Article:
Thursday, August 9, 2007

RSS:"Really Simple Syndication"

RSS is an acronym, and it stands for "Really Simple Syndication". It is one of several ways that web authors and publishers can use to make sure that their updated information gets to their readers in a quick and efficient way. Most often, RSS feeds are used to update readers of blogs or news sites on new information that has been posted, or in the case of podcasts, new audio that has been uploaded.

The name "RSS" is an umbrella term for a format that spans several different versions of at least two different (but parallel) formats. The original RSS, version 0.90, was designed by Netscape as a format for building portals of headlines to mainstream news sites. It was deemed overly complex for its goals; a simpler version, 0.91, was proposed and subsequently dropped when Netscape lost interest in the portal-making business. But 0.91 was picked up by another vendor, UserLand Software, which intended to use it as the basis of its weblogging products and other web-based writing software.

In the meantime, a third, non-commercial group split off and designed a new format based on what they perceived as the original guiding principles of RSS 0.90 (before it got simplified into 0.91). This format, which is based on RDF, is called RSS 1.0. But UserLand was not involved in designing this new format, and, as an advocate of simplifying 0.90, it was not happy when RSS 1.0 was announced. Instead of accepting RSS 1.0, UserLand continued to evolve the 0.9x branch, through versions 0.92, 0.93, 0.94, and finally 2.0.

What is an RSS feed, let's take a look at how it works. RSS is maintained by using a code known as XML, which stands for extensible markup language. This generic data format is a good way to be able to send out your RSS feed without having to use a lot of graphics or other large file formats. A reader program, downloaded by the reader or subscriber to your blog or other website, is able to take the XML information and put it into a usable context so it can be read and enjoyed.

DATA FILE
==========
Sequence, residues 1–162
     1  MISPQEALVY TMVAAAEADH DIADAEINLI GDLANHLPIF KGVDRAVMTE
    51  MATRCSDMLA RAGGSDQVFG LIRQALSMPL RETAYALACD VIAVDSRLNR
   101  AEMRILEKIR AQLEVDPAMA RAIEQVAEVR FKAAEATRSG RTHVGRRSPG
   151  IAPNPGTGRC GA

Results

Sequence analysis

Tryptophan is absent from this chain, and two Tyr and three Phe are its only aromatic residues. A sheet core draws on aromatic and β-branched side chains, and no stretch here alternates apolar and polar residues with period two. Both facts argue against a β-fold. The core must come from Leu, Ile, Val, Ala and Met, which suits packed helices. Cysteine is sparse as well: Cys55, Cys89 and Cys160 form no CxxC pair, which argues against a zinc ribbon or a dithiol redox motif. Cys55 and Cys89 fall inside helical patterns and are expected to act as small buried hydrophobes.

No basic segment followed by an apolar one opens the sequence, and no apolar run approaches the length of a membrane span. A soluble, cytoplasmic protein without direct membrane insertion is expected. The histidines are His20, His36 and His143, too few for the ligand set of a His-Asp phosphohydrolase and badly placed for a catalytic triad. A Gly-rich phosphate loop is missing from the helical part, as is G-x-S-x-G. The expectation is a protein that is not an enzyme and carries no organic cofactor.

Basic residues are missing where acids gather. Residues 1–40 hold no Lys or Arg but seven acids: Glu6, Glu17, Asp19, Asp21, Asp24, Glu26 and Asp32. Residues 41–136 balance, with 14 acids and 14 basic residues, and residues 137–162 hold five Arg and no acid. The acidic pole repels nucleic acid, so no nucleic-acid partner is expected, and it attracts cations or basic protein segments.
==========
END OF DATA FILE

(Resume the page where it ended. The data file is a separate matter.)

There are a few types of RSS feeds out there, most commonly RSS 1.0 and RSS 2.0. While most people who use RSS today are updated to RSS 2.0 (the most user friendly and advanced version of the Really Simple Syndication feed), there are still a few older sites that use the 1.0 technology. Most of the RSS feed readers available today are able to read either format, but it is important to check before downloading or using a reader.

RSS feeds are easily used by the programmer, because many of the most popular website hosting and building sites allow quick implementation of this code. Other sites, such as Blogger (the most popular free blogging site and network) as well as the major blogging software companies, allow RSS feeds to be built from within their programs without needing the use of coding or other technical know-how. This means that all bloggers can use this technology to their advantage without having to learn a whole new set of codes.

What is an RSS feed? It's a great way to make sure your followers, readers or devotees can keep up to date with your web site and the information contained on it. It is also easy to use on both the publisher and consumer ends, making it a perfect solution for information dissemination.

Exampel feed URL for the New Blogger, but I have typed in other URL like:


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